Caring for an elderly parent that wanders away can be a harrowing cause for concern. They want to have the independence that they once had and you want to give them the dignity they deserve, but you recognize the dangers of wandering can put their lives in serious jeopardy. It can be overwhelming for caregivers and be the source of anxiety for family and friends that recognize can’t be watching their loved ones at all times. It is important for an elderly parent to get out and about, so they are able to see people, mingle, get exercise and maintain their activities that they would normally do throughout the day. Studies seem to indicate that regularly daytime exercise can lower chances of nighttime wandering. On the other hand, it is equally important to have a proactive strategy in place to keep potential wanderers as safe as possible, at all times.
Here are some safeguards to keeping your loved one safe:
- Medical alert tags can be purchased for a reasonable price. Medical alert tags can be utilized to indicate any pertinent information of a person found wandering, including contact information, medications your loved one is taking, medical conditions, and most importantly, they can indicate memory impairment.
- A mobile medical alert, like those available through Pioneer Emergency can be worn, in case of emergency, and can be used 24 hours a day to notify responders. This type of medical alert is worn by the senior and can be activated by a simple push of a button.
- The Alzheimer’s Association has a 24-hour emergency service that notified when a loved has gone missing. The service will then notify local law enforcement and Alzheimer’s Associations in the area to help reunite missing loved ones.
- A GPS device can be worn to help the senior be located.
- Keep a list of people to contact in case of emergency. This list should include not only emergency personnel, but family members, friends, or any others that may be able to help.
- Make a list of places the person may wander to. This may include church, former homes, favorite restaurants, former jobs or schools, or a favorite place they may like to visit.
- Keep a few copies clear, updated photo on hand, just in case. With these photos, keep a list of medications and/or medical conditions that should be noted.
If you are caring for an elderly person, that is prone to wandering, here are a few things to keep in mind:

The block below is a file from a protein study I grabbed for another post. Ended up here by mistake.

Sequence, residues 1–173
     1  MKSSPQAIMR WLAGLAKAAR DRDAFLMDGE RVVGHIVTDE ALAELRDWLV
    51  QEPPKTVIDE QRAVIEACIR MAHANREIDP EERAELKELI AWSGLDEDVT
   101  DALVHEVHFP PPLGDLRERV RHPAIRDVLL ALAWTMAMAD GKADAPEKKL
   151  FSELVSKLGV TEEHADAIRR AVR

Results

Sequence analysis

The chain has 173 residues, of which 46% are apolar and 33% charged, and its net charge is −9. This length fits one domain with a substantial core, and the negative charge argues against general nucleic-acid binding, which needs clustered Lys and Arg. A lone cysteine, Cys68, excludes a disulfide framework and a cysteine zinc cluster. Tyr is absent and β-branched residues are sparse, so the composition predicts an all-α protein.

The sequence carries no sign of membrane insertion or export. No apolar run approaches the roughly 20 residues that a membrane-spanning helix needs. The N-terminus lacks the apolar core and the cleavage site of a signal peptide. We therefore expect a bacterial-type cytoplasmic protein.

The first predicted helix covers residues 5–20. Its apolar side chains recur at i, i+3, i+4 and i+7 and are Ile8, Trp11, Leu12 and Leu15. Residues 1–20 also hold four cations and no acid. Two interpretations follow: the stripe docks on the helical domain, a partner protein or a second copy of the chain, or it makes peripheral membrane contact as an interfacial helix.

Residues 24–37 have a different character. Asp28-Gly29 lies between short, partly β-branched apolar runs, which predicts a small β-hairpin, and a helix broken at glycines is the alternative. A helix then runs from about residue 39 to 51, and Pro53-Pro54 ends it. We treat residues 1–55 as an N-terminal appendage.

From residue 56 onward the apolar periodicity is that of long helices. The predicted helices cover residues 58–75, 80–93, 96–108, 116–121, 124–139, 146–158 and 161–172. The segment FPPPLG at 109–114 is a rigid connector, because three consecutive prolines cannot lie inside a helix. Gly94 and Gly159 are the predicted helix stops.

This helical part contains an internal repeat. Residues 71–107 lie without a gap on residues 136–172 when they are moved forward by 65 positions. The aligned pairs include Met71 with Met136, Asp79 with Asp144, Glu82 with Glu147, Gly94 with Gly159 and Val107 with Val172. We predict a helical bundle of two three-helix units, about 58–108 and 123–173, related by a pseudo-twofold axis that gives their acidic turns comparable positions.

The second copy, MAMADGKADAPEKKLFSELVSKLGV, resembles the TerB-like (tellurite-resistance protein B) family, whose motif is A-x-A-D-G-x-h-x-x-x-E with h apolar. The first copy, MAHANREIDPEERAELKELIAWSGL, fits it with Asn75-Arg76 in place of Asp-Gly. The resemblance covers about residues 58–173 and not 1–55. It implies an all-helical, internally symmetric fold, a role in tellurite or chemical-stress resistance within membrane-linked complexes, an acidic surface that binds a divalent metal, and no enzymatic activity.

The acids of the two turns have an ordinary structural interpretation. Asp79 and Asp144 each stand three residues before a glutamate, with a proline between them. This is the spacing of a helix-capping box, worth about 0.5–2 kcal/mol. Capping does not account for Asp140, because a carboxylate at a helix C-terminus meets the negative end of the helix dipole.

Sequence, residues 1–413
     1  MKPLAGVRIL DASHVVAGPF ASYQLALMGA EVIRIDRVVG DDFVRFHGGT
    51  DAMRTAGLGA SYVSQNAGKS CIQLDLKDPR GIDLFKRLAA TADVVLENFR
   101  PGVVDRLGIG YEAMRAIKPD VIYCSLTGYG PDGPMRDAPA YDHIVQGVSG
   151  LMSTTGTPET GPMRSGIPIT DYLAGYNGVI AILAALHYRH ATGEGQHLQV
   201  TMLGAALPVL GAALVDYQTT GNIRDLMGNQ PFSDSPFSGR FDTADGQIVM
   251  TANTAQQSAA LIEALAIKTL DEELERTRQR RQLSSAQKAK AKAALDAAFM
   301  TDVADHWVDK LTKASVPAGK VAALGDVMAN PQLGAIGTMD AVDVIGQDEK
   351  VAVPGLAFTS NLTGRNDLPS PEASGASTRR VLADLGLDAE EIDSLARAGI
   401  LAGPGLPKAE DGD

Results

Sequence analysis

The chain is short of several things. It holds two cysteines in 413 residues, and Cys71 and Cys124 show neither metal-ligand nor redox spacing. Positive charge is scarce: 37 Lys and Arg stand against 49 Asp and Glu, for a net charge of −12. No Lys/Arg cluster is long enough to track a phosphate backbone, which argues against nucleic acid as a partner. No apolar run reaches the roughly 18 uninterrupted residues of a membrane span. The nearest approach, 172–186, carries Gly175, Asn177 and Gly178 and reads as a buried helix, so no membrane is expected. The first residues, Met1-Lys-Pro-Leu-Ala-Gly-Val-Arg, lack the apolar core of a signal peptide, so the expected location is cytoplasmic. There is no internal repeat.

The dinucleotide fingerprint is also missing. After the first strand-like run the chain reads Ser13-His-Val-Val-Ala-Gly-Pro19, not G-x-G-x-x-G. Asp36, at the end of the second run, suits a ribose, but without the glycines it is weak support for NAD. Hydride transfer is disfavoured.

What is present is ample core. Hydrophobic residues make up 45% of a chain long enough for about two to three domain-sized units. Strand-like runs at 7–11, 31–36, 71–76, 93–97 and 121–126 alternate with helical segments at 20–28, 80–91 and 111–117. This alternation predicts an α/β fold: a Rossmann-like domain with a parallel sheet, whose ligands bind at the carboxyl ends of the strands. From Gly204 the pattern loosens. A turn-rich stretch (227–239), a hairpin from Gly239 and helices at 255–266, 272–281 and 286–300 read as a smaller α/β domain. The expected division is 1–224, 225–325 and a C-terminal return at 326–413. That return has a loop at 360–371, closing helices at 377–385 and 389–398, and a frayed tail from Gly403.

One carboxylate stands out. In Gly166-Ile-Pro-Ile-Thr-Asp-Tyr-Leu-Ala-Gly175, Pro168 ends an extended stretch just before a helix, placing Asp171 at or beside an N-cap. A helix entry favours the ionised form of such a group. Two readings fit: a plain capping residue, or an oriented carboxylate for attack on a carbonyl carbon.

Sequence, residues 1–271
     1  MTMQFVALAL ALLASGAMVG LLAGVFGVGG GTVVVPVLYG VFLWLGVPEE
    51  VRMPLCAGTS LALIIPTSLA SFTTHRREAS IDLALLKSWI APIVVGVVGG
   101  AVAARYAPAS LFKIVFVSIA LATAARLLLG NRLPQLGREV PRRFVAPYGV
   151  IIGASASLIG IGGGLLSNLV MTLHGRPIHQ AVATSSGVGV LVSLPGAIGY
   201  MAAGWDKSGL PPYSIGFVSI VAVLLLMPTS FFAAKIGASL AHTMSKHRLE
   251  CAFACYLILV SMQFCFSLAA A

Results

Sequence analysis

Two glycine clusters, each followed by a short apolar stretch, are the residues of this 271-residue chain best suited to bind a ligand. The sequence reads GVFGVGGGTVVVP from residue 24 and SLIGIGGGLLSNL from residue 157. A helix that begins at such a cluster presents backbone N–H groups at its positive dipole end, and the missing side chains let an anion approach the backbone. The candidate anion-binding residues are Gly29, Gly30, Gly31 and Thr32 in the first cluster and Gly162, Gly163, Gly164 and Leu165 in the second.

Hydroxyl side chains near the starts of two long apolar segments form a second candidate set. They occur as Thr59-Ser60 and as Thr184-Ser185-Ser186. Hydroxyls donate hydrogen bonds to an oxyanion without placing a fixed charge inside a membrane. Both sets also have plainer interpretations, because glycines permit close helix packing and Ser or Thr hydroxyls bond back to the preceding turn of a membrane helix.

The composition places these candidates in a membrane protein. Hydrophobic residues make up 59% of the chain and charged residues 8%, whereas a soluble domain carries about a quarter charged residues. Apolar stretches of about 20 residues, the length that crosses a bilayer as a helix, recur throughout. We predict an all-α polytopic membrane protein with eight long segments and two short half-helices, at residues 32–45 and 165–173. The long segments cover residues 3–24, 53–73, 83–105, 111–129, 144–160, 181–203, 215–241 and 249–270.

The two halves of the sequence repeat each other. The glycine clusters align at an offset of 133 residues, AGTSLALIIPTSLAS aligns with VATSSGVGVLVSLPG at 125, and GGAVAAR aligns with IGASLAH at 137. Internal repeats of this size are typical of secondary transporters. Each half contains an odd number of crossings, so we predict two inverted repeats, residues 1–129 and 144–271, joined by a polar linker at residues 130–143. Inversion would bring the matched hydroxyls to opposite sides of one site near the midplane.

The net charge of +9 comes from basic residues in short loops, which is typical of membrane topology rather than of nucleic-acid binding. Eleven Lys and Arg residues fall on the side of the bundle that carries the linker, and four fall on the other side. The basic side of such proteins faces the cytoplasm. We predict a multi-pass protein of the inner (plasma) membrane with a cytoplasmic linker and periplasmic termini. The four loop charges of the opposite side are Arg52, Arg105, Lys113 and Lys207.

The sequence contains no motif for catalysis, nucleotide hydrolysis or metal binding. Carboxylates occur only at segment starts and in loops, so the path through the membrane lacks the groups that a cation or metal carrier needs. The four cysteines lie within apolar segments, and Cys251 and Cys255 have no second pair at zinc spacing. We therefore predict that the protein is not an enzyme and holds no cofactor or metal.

- Keep doors and windows locked at night or hours that wandering occurs. It may be necessary to secure doors and windows, and to keep car keys out of reach of a person that may be prone to wandering.
- Keep the pathways clear. It is important to keep hallways and other areas well-lit and clutter-free, if nighttime wandering may be a concern, especially for those with back or hip problems or using mobility devices, such as a walker.
- For night time wanderers: if possible, make sure that fluids are restricted a few hours before bed and encourage use of the bathroom just prior to bedtime.
- Make sure medical alert systems are working properly and batteries are changed regularly.
- Right or Left-handed? Wandering usually follows the direction of the person’s dominant hand.
- Keep a consistent schedule. Create a daily plan and stick to it. Consistency can help keep anxiety and agitation at bay, which can sometimes be triggers for persons that are prone to wandering.
- Ensure that basic needs are met. If most needs are met, there is nothing to search for. Make sure food, water, bathroom needs are taken care of regularly.
Dementia or Alzheimer’s Disease
Statistically, the chances of persons with Alzheimer’s or dementia wandering is very high: 6 out of 10 persons with Alzheimer’s disease or dementia will wander. Sometimes, they cannot find their way back home from a familiar place, such as the park or grocery store. They may leave the home with an objective, even if they cannot remember this purpose in the end. Some seniors have lost their lives because they went too far, and ended up somewhere that they shouldn’t have been. This can be a dangerous situation, so keeping a close eye on your elderly parents is key to keeping them safe.
Back or Hip Problems
Those with back or hip problems, or any other problems shouldn’t be walking around unassisted. If they are unsteady on their feet, and have a hard time regaining their balance, then they may be prone to falling down when they are trying to maneuver the rough terrain around them. This can be something that could mean life or death for the senior that is wandering away from the home. You want to ensure that when they are out and about, that they have something that they can use to steady themselves, and allow them enough time to get to where they are going without being rushed. Ask the doctor for medical equipment that may help assist your loved one. Some options are: canes, walkers, crutches, walkers with seats or rollators, wheelchairs, motorized wheelchairs, and folded seat canes.
While any senior out there that might have any medical condition might want to get out and meet others and go places, safety must come first. Using your best judgement and keeping open communication with their medical care provider can aid you in making decisions that are best suited for your parent or loved one’s situation.
Through the use of these tips, and the help of devices such as medical alert products, you’re able to keep a closer eye on your parents and keep them safe. If they ever should fall, then you’re able to know that they can reach a button that will call for help immediately, no matter where they might be. Straying parents can be an alarming complication, but with great care and taking precautions to protect the ones you love, dangerous circumstances can be less worrisome.